Monthly Archives:: September 2012


Wirenet: The Password-Stealing Trojan Lands on Linux and OS X

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No matter what people think about it, the increasing exposure of Linux and OS X to malicious code is strictly related to the worldwide exposure of those operating systems on desktops and laptops. In the last couple of years, more and more home users decided to switch to Linux (e.g. Ubuntu Linux, just to name one of the best known Linux distributions) or OS X. Most of these users, when questioned about why they switched from Windows to another operating system, usually answer by blaming Windows’ critical exposure to malware. However, this increasing trend has been followed by many virus […]

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A Primer for Secure Coding in PHP and MySQL

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PHP is an incredibly popular language for creating dynamic web applications — websites such as Facebook are built on it. This can be attributed to many reasons; it is easy to learn, easy to install and does not require the user to compile code. An unfortunate side effect of the ease of development with PHP is a tendency to ignore security during the development process. In this post I will discuss some of the ways to make your PHP apps more secure. I will go through creating a PHP web app that connects to a MySQL back end database. The […]

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New Russian service sells access to thousands of automatically registered accounts

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What happens when a cybercriminal cannot efficiently gain access to thousands of working accounts at popular Web services, either through data mining a botnet’s population, or through phishing campaigns? He’ll just start systematically abusing the legitimate services by automatically and efficiently registering thousands of bogus accounts, thanks to the easy to use India based CAPTCHA-solving operations. In this post I’ll profile a recently launched Russian based service, offering access to thousands of automatically registered accounts at popular Russian social networking sites, and free email services. More details:

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Cybercriminals abuse Skype’s SMS sending feature, release DIY SMS flooders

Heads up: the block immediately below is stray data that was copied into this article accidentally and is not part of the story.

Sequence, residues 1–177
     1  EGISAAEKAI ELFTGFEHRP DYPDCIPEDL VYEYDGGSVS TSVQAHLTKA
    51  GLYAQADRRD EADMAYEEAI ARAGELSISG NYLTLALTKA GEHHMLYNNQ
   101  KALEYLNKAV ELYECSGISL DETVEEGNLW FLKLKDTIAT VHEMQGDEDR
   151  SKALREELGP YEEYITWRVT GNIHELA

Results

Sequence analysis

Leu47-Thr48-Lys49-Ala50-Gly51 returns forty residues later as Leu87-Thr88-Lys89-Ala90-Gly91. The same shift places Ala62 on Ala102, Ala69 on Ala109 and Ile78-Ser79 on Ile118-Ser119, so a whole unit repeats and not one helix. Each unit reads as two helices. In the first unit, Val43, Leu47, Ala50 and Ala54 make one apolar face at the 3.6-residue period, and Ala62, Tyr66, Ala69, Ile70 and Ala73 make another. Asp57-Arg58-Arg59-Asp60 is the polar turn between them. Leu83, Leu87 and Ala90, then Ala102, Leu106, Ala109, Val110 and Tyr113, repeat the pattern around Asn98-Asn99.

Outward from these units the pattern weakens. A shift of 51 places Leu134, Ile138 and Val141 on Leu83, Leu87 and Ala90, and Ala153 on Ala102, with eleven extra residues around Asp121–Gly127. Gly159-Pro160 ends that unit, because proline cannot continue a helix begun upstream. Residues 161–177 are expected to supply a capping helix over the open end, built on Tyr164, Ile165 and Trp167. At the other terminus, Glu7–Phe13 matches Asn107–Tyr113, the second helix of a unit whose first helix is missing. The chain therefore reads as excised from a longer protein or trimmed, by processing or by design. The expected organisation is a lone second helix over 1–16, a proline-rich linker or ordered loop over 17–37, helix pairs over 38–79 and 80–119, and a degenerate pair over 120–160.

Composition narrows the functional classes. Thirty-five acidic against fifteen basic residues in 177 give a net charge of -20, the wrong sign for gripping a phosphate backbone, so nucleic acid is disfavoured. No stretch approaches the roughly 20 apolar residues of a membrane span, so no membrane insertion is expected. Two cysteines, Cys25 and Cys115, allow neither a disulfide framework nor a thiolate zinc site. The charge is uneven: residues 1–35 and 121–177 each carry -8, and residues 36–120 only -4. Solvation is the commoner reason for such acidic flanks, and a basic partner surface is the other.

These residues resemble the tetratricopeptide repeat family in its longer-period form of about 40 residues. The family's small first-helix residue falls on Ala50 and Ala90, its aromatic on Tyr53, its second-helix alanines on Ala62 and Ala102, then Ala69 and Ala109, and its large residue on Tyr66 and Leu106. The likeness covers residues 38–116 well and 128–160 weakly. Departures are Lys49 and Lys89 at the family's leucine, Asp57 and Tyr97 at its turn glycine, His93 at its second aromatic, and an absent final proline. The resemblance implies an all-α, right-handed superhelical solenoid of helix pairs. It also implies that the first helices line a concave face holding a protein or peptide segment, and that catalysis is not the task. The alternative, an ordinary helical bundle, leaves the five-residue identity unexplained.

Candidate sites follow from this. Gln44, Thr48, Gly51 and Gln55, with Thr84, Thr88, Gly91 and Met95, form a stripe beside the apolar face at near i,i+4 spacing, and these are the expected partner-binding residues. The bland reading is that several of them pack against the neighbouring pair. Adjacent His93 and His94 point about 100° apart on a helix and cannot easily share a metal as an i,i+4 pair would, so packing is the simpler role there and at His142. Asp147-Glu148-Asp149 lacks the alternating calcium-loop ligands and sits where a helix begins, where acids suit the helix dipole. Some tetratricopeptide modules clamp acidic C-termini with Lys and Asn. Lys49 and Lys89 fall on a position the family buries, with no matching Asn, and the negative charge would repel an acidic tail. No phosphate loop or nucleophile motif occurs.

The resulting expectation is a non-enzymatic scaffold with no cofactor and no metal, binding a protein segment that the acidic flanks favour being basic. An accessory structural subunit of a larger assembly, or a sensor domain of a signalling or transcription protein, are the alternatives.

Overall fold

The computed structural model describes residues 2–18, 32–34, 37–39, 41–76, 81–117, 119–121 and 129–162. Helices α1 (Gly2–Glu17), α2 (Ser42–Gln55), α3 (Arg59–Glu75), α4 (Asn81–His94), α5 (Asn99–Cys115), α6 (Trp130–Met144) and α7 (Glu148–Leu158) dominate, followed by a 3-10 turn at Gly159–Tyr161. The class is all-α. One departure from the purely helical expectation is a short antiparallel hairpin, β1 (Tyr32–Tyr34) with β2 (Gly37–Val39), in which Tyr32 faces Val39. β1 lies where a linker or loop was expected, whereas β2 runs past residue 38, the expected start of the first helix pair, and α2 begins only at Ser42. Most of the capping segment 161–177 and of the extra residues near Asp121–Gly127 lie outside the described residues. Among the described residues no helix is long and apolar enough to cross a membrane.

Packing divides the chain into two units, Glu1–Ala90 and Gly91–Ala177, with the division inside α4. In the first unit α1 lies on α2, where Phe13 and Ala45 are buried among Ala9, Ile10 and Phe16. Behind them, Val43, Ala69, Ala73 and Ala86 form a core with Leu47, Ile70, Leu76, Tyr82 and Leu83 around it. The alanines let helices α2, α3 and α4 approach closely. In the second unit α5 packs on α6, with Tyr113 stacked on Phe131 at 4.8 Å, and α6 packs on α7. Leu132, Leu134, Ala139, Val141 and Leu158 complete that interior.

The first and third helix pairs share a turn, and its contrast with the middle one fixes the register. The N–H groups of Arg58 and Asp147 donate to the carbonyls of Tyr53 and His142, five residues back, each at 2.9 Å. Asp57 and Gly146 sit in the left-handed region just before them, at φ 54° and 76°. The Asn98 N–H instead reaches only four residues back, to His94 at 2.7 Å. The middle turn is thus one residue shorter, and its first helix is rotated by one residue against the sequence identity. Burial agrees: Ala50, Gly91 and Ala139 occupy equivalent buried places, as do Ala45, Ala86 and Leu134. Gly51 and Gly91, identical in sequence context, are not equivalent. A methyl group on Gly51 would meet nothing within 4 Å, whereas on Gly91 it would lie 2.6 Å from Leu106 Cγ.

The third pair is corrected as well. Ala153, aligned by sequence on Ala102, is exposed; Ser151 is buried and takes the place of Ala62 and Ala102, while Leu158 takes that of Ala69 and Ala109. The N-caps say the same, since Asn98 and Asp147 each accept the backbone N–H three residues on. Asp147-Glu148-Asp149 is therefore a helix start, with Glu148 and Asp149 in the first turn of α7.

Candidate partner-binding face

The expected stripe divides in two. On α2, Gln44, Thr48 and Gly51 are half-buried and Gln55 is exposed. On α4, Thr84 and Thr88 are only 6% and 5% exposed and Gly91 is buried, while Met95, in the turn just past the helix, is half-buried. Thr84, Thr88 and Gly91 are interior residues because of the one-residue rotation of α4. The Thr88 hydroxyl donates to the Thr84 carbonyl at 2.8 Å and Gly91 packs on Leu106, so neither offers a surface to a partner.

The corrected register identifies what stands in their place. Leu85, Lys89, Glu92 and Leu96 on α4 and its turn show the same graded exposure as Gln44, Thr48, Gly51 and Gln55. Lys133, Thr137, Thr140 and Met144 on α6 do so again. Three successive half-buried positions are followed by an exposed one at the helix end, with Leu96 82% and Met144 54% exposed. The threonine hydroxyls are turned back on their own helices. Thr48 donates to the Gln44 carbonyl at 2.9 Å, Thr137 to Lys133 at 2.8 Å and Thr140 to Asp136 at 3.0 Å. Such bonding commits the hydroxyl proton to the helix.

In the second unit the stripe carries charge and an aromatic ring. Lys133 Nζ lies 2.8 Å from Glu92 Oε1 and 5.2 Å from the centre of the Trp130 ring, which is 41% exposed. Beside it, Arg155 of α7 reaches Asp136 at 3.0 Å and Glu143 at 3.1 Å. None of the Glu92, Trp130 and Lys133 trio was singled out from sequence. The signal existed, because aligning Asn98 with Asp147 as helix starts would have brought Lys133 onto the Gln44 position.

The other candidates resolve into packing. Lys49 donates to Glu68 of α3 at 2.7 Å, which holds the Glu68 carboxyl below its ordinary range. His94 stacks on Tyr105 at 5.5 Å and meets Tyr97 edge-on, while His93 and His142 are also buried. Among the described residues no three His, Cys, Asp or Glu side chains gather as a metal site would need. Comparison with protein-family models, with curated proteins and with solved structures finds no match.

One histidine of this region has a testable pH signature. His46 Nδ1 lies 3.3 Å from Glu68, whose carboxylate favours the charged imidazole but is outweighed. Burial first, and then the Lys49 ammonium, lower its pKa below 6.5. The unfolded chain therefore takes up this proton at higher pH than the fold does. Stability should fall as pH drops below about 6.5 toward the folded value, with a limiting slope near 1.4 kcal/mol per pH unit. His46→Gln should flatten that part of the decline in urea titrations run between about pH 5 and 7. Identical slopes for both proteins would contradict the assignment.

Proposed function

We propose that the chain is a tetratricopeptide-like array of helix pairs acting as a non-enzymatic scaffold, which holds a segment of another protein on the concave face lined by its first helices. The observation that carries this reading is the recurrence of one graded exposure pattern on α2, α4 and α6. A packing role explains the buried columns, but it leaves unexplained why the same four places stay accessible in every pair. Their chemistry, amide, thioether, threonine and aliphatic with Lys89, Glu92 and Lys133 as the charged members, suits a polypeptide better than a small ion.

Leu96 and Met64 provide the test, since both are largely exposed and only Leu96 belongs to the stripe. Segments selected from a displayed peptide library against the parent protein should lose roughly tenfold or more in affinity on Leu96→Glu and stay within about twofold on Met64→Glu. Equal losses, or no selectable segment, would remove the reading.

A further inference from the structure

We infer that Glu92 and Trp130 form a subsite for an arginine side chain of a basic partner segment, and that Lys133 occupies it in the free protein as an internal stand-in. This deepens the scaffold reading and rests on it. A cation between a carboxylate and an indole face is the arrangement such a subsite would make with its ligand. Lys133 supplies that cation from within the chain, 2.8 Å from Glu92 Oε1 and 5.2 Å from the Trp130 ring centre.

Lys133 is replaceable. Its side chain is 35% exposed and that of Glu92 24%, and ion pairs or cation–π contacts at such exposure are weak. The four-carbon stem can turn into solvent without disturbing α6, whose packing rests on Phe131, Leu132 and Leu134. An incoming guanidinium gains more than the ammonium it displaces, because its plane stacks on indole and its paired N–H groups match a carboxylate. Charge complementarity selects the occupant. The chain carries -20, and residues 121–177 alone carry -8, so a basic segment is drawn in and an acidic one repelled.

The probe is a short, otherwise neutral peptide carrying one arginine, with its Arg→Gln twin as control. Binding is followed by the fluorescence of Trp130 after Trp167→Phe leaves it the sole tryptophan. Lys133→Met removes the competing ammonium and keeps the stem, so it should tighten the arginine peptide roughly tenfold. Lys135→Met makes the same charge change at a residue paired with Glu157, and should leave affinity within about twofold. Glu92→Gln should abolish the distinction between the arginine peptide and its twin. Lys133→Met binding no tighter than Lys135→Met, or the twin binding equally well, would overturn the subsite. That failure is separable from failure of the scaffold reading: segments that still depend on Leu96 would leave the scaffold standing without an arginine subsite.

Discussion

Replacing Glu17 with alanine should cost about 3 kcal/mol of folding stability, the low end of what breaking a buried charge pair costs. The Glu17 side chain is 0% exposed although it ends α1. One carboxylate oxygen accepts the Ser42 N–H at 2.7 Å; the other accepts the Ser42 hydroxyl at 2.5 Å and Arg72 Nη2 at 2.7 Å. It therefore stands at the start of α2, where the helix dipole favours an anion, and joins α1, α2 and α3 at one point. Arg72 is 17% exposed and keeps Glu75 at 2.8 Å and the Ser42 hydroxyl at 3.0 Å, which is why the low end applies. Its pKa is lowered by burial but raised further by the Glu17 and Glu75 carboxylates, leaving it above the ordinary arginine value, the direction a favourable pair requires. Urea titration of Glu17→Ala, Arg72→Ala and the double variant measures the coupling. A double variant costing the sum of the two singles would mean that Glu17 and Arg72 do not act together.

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Cybercriminals are masters of abusing legitimate infrastructure for their malicious purposes. From phishing sites and Black Hole exploit kit landing URLs hosted on compromised servers, abuse of legitimate web email service providers’ trusted DKIM verified ecosystem, to the systematic release of DIY spamming tools utilizing a publicly obtainable database of user names as potential “touch points”, cybercriminals are on the top of their game. In this post, I’ll profile a recently advertised DIY SMS flooder using Skype’s infrastructure for disseminating the messages, and assess the potential impact it could have on end and corporate users. More details:

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Cybercriminals resume spamvertising bogus greeeting cards, serve exploits and malware

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Remember the recently profiled 123greetings.com themed malicious campaign? It appears that over the past 24 hours, the cybercriminals behind it have resumed spamvertising millions of emails pointing to additional compromised URls in a clear attempt to improve their click-through rates. More details:

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Intuit themed ‘QuickBooks Update: Urgent’ emails lead to Black Hole exploit kit

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It didn’t take long before the cybercriminals behind the recently profiled ‘Intuit Marketplace’ themed campaign resume impersonating Intuit, with a newly launched round consisting of millions of Intuit themed emails. The theme this time? Convincing users that in order to access QuickBooks they would have to install the non-existent Intuit Security Tool. In reality though, clicking on the links points to a Black Hole exploit kit landing URL that ultimately drops malware on the affected hosts. More details:

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Spamvertised ‘Wire Transfer Confirmation’ themed emails lead to Black Hole exploit kit

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Over the past 24 hours, cybercriminals started spamvertising millions of emails impersonating the United Parcel Service (UPS) in an attempt to trick end and corporate users into previewing a malicious .html attachment. Upon previewing it, a tiny iFrame attempts to contact a client-side exploits serving a landing URL, courtesy of the Black Hole web malware exploitation kit. More details:

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